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Removing Peening/ Threads help

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I decided to order a DYI kit from SPI, and figured its my first re-valve, so wanted to start early and take my time so I get it all done with no rush. Today I started to remove all the valving, so got a file and went to work for about 5 mins., checking every now and then. So once the threads were flush with the nut, I cracked it loose and it got about a half a turn then started to get hard to turn, so put it back on and filed a bit more, got a little past half then got hard, so my inpatience said just do it, so I did, everything came off good, some pieces got stuck on some edges, but put the piece back down and filed the edge a bit and came off fine, but when I went to see if the nut would go on smoothly, only went on half a turn :smirk: so I tried my best to get all edges off and seems I did, but the nut wont go on any farther than half a turn!! So I was thinking maybe buy a threader and just run it over the stem and through the nut? But what size is the threads, couldn't find it in my manual. Or is there something else I can do?

Edited by PitBikeNoob

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Do you have a dremel tool? I would use that to remove the peening for future reference. It is what I used recently for a set of forks and it worked like a champ (using a cone shaped burr).

As for the issue you are having, I would have put the nut back on all the way after removing the shims and all .to use as a "thread cleaner" after you clean up theads and/or chamfer/bevel the end using a wire brush, grinding wheel, etc. or whatever you want to use. That way when you back the nut off it "cleans" the threads as you loosen it up. If you leave the nut off, sometimes you run into issues of not being able to tighten the nut back onto the stem.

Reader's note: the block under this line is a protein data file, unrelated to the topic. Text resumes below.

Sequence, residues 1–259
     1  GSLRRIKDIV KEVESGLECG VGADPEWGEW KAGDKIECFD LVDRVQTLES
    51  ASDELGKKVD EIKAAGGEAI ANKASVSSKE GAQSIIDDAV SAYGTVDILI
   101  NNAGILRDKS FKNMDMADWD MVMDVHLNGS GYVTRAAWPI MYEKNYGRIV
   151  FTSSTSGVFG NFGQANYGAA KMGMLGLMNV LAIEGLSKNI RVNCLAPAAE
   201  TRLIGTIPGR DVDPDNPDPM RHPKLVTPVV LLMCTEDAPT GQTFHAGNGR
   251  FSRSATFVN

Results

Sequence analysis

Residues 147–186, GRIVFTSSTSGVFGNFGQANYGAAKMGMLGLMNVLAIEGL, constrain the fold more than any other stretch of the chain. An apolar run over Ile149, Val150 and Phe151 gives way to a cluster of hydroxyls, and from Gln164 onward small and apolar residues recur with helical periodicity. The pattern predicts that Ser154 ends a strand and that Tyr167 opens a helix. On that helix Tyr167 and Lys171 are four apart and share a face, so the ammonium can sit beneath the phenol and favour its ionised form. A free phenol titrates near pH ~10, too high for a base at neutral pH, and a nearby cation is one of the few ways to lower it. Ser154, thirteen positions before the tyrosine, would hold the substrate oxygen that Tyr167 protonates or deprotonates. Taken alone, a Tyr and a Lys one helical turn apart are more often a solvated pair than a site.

So at this point, your best bet is to probably chase the threads with a thread chaser/die/tap.

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I decided to order a DYI kit from SPI, and figured its my first re-valve, so wanted to start early and take my time so I get it all done with no rush. Today I started to remove all the valving, so got a file and went to work for about 5 mins., checking every now and then. So once the threads were flush with the nut, I cracked it loose and it got about a half a turn then started to get hard to turn, so put it back on and filed a bit more, got a little past half then got hard, so my inpatience said just do it, so I did, everything came off good, some pieces got stuck on some edges, but put the piece back down and filed the edge a bit and came off fine, but when I went to see if the nut would go on smoothly, only went on half a turn :smirk: so I tried my best to get all edges off and seems I did, but the nut wont go on any farther than half a turn!! So I was thinking maybe buy a threader and just run it over the stem and through the nut? But what size is the threads, couldn't find it in my manual. Or is there something else I can do?

You will get the nuts with the kit, and yes always chase the threads with a die. 6mm x 1.0 thread pitch.

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Alright. And what about the middel of the stem? It was a circle/triangle but when I ground it down it covered most of it up. Should I leave it or drill it out?

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Don't drill it. The triangular indentation in the tip of the stem was how it was "staked" to expand the end of it as a means of retaining the nut. Don't be concerned by its absence. Always try to minimize the amount of material you remove so that there is as much remaining thread as possible. Be sure you start the die you use to chase the thread "straight" so that it doesn't cross or double thread the stem.